They thought so until they proved the last team standing after that wild final weekend on which they won the pennant at the last split second, practically, following the infamous Phillie Phlop. When they noticed Brock in 103 games for his new team stole 33 bases, scored 81 of his season-long 111 runs, rolled up a .387 on-base percentage, and threw 21 doubles, nine triples, and twelve home runs into the mix for a .527 slugging percentage as a brand-new Cardinal.
Brock only looked cheerful, bright, and happy as the day was long during a game, and it caused enough people to misunderstand his commitment. “Some in the press and in the stands considered him too casual about his job,” wrote David Halberstam in October 1964, “but that was a misperception. In fact, he was driven, not merely by a desire, but by a rage to succeed.”
As a Cub, Brock was seen as too intense and self-critical for his own good. “He’d break out in a big sweat,” then-Cub pitcher Larry Jackson observed, “just putting on his uniform.” As a Cardinal, he finally turned that intensity into progress without losing his natural joy in the game. He became so devoted to his craft that he started filming pitchers to study their tendencies for his on-base advantage. (Hall of Famer Don Drysdale: “I don’t want to be in your goddam movies, Brock!”)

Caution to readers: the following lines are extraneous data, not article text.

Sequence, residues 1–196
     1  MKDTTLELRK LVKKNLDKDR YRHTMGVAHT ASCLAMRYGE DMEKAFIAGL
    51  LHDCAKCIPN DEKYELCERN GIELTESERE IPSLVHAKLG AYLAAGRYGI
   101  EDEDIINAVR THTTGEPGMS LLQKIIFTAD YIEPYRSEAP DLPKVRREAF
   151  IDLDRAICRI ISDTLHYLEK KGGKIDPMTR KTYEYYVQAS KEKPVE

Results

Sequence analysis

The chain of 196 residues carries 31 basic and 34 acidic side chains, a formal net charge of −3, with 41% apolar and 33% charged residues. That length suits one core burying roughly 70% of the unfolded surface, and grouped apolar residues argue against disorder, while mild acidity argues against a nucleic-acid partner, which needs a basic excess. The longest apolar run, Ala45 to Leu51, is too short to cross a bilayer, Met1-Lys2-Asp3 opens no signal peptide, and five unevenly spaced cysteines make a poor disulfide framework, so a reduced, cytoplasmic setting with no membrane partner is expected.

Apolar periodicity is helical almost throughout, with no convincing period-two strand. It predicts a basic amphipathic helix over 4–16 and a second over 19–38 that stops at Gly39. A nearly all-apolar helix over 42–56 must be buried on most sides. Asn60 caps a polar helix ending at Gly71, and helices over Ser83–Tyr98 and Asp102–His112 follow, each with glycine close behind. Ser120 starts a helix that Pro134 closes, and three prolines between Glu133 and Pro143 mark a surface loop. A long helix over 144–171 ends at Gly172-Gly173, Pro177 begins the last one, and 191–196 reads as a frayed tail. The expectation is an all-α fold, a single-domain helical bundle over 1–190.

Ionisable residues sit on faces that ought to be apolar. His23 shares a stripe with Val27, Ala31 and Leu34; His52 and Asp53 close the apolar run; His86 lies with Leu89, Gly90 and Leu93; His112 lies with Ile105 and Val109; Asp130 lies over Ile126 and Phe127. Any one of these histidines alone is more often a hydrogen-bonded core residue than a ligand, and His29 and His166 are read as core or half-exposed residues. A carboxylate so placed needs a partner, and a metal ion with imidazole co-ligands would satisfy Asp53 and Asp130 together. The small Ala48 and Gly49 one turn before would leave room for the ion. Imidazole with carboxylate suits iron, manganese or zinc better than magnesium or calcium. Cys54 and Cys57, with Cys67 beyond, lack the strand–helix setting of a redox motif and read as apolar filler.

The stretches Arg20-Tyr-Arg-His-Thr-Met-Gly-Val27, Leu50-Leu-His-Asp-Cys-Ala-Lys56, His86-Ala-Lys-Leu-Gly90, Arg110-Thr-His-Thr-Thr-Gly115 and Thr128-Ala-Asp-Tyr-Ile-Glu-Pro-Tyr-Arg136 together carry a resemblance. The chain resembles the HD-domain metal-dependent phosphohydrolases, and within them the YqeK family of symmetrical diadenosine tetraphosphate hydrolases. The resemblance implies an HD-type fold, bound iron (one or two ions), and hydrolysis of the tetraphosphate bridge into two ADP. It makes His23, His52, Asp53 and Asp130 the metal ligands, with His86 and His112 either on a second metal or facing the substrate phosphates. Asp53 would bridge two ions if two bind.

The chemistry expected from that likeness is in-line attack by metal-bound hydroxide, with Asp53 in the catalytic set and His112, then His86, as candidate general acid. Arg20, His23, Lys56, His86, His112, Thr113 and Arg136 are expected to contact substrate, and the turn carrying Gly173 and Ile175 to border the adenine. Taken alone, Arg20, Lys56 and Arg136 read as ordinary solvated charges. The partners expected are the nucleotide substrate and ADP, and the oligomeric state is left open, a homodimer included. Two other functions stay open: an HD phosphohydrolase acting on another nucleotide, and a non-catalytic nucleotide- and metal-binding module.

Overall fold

Brock pitched in on the Cardinals’ 1964 World Series conquest but became a first class pain in the ass to the 1967 Boston Red Sox in that Series. When it wasn’t Gibson tying the Sox into knots from the mound, it was Brock hitting .414 and stealing seven bases. A year later, the Cardinals lost to the Detroit Tigers in seven games but it wasn’t Brock’s fault—that time, he hit .464, stole another seven pillows, and broke Bobby Richardson’s record for World Series hits with thirteen.
“Ernie is top of the charts,” Brock told ESPN’s William Weinbaum about Broglio in 2011. “He is a good man, a man with integrity. We have a good relationship because we laugh, we talk, and people, for whatever reason, are still interested.” Interested enough that you’d have thought Ernie’s real surname was Brockforbroglio.